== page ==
Conditional Resident- What if the Marriage Fails?

Attorneys Robert L. Reeves and Flomy J. Diza

Spouses and children of U.S. citizens (USC) obtain conditional permanent residence if they were married less than two years at the time their case is approved. The conditional basis of the status can only be removed by a joint petition or by a waiver if the joint petition cannot be filed.

Joint filing

If the conditional resident is still married to the petitioning US citizen spouse, the joint petition should be filed by both the husband and wife. They jointly file a petition to Remove Conditions on Residence within the 90-day period preceding the second anniversary of the date s/he became a conditional resident. The petition must be accompanied by evidence that demonstrates they entered the marriage in good faith. Examples of such evidence include proof of joint ownership of property, commingling of finances (e.g. tax forms, bank statements, insurance policies), birth certificates of children, photos of the couple taken during the marriage, declarations of persons having knowledge of their marriage and other documentation establishing a bona fide marital relationship. If the USCIS determines that the qualifying marriage was entered into in good faith, it will approve the joint petition, remove the conditional status, and grant the non-citizen permanent resident status.

If the marriage fails

The waiver petition to remove conditional status is filed by conditional residents who are unable to file a joint petition because either the USC spouse died or the marriage was terminated due to divorce or annulment. The petitioner must prove that the termination of status and removal would result in extreme hardship, the marriage was entered into in good faith and terminated, or that the marriage was entered in good faith but the conditional resident was subjected to abuse or extreme cruelty by the USC spouse.

If the petitioning spouse died during the first two years of the marriage, the conditional resident should submit the death certificate and proof that the marriage was bona fide.

If the USC spouse and conditional resident are separated or have initiated divorce proceedings at the time the petition is due to be filed, the USC spouse and conditional resident may still file a joint petition if the USC spouse is willing to sign the petition. If the USC spouse is not willing to sign a joint petition, the conditional resident is not eligible to file a petition requesting a waiver of the joint filing requirement based on divorce until the divorce is final, unless abuse is the basis for such a filing. However, conditional residents should file a good faith marriage waiver with a hardship claim even if the parties are not divorced prior to the expiration of conditional status. This will preserve the right to reassert the good faith marriage waiver after the divorce. Claims must be properly raised before the USCIS before they can be put before the immigration judge.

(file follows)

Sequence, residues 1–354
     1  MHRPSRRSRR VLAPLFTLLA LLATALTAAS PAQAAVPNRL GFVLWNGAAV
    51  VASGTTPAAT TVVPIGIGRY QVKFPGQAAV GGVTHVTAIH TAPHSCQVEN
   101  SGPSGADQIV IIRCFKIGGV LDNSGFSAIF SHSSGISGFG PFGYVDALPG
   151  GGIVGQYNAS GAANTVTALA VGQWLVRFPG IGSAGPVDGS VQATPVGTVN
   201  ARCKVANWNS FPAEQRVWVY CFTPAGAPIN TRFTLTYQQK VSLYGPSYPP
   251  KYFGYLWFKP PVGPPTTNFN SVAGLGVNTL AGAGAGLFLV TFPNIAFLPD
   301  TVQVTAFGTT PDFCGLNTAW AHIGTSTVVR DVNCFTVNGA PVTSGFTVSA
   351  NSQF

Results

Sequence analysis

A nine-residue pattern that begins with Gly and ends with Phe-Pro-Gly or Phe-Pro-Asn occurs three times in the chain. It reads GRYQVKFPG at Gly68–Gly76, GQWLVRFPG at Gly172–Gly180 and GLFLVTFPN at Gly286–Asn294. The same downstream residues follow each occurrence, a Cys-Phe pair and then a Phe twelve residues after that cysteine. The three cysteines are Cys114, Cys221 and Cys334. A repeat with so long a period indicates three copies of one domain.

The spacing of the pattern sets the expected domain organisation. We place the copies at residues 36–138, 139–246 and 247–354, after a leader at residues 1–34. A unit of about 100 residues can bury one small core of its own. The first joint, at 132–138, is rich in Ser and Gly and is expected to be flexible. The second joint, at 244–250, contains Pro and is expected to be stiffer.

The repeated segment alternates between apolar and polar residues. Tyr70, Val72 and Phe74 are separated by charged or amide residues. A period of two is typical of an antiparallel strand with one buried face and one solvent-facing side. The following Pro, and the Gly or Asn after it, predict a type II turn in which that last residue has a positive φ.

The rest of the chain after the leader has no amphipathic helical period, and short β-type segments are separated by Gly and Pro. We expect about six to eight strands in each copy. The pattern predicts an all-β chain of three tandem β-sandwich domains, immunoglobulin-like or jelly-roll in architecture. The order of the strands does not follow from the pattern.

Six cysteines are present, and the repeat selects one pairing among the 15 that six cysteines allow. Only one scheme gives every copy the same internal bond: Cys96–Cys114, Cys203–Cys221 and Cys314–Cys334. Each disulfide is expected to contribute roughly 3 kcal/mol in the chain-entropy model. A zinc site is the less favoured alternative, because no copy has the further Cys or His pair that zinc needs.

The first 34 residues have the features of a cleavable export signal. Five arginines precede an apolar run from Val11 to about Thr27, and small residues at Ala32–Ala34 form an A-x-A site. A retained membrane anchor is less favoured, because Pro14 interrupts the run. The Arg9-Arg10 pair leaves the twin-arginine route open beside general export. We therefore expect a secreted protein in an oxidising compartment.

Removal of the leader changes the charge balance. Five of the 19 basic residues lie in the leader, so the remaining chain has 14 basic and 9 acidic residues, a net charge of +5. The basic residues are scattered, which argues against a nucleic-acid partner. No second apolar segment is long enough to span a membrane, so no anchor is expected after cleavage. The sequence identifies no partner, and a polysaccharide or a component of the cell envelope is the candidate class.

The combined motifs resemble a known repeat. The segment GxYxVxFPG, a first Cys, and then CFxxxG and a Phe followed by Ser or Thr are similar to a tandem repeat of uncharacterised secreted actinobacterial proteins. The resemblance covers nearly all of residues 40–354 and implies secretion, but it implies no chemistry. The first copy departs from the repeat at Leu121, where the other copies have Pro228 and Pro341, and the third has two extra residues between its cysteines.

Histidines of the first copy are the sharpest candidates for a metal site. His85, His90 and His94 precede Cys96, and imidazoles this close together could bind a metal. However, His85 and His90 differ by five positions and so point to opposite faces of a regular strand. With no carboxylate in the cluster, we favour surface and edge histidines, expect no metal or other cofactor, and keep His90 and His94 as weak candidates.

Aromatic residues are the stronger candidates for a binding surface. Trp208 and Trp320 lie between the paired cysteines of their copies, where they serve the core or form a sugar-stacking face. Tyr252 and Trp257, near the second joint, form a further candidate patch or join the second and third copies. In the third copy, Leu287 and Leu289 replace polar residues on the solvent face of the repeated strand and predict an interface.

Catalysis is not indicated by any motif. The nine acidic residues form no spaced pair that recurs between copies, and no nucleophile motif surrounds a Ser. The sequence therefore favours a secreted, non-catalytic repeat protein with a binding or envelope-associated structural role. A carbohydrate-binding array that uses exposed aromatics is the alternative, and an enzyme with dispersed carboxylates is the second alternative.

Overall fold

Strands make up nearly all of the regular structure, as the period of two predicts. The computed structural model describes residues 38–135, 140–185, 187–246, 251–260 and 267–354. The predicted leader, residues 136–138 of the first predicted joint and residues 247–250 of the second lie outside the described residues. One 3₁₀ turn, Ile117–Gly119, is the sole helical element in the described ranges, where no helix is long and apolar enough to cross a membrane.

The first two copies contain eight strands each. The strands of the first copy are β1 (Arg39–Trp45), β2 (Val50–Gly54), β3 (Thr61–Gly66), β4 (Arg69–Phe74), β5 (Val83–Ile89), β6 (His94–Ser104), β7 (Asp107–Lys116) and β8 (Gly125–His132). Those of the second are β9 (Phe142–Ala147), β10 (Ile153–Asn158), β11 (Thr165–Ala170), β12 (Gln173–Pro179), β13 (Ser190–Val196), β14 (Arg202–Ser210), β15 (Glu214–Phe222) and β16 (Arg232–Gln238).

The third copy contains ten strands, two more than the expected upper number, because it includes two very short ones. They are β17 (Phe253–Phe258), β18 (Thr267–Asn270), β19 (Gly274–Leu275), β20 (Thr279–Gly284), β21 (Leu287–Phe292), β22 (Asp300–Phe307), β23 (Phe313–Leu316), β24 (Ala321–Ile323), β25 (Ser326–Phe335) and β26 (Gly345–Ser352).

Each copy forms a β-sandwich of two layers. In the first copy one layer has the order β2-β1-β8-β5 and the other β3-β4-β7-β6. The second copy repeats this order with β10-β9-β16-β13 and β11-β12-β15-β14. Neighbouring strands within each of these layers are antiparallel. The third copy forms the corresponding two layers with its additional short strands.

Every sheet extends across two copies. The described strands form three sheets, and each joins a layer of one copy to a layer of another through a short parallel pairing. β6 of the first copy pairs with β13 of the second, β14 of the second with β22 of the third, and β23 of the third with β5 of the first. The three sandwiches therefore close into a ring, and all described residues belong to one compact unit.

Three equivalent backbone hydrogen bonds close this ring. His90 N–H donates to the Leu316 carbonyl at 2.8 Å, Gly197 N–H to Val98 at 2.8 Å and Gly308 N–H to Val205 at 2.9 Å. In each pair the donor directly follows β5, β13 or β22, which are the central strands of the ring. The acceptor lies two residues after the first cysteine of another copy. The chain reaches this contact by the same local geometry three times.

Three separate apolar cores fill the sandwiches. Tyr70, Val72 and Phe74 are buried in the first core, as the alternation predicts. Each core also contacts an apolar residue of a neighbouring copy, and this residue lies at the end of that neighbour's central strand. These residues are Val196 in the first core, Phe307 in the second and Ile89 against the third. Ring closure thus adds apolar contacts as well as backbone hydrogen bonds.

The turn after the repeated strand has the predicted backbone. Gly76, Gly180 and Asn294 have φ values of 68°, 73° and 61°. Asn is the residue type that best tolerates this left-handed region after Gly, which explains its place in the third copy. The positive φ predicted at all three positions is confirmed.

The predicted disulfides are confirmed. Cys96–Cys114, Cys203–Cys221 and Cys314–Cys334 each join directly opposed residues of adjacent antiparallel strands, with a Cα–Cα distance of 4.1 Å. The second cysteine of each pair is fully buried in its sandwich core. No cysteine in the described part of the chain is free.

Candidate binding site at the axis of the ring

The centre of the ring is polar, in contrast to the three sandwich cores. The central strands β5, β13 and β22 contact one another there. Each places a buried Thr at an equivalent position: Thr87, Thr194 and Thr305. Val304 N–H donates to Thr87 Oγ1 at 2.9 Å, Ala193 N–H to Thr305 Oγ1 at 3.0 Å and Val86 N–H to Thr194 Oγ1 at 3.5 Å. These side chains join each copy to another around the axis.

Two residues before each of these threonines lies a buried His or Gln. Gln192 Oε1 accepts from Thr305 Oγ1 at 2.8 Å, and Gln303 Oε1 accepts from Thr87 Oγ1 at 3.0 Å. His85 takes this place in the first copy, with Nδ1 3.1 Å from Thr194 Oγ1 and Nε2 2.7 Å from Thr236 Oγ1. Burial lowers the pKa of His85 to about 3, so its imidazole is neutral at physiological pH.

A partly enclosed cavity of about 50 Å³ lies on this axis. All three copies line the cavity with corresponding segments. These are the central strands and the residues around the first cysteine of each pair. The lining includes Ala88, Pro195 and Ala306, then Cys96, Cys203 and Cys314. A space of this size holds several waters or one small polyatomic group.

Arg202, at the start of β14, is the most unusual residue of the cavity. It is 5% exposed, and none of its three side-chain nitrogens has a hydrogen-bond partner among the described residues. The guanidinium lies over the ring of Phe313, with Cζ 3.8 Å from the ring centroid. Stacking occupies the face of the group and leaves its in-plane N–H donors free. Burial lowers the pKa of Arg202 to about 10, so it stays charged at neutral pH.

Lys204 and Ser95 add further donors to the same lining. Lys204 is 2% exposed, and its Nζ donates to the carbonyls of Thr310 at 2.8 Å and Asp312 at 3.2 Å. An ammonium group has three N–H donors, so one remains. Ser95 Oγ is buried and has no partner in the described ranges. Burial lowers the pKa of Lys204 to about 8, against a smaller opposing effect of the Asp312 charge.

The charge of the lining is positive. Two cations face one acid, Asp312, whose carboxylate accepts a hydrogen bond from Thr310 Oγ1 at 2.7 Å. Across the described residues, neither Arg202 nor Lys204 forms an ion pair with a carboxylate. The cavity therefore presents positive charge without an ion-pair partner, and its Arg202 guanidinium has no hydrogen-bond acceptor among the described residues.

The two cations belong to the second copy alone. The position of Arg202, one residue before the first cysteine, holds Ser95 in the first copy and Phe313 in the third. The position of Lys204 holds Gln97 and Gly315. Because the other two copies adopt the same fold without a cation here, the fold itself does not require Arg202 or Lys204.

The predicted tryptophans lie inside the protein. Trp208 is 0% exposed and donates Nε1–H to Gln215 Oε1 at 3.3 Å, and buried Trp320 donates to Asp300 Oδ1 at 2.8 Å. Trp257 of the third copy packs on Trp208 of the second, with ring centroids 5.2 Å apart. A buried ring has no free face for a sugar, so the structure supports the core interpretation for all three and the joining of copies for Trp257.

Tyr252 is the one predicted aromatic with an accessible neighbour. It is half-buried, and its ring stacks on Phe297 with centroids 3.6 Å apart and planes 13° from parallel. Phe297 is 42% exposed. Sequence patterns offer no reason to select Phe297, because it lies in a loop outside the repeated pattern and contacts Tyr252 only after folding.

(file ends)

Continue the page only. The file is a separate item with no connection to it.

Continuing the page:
The advantage of filing under the extreme hardship provision is that the conditional resident does not need to demonstrate the marriage was terminated. The statute provides only that the applicant must demonstrate “extreme hardship would result if such alien is removed.” The test for extreme hardship is difficult, since the applicant must demonstrate hardship beyond the normal problems associated with removal.

A conditional resident may also have the conditional status removed if s/he can show that s/he married the petitioning spouse in good faith, but that the spouse either physically abused or subjected to extreme mental cruelty the conditional resident (or his/her child). Regulations indicate that abuse or extreme cruelty may include: forced detention resulting in physical or mental injury, psychological or sexual abuse or exploitation, rape, incest or forced prostitution. While the regulations specifically list only the most egregious acts of violence that may be perpetrated by a spouse, USCIS will consider lesser acts of abuse and cruelty.

Due to the complexities of removing the conditional status of permanent residency, especially where requests for waivers are required, conditional residents should consult knowledgeable and experienced immigration attorneys.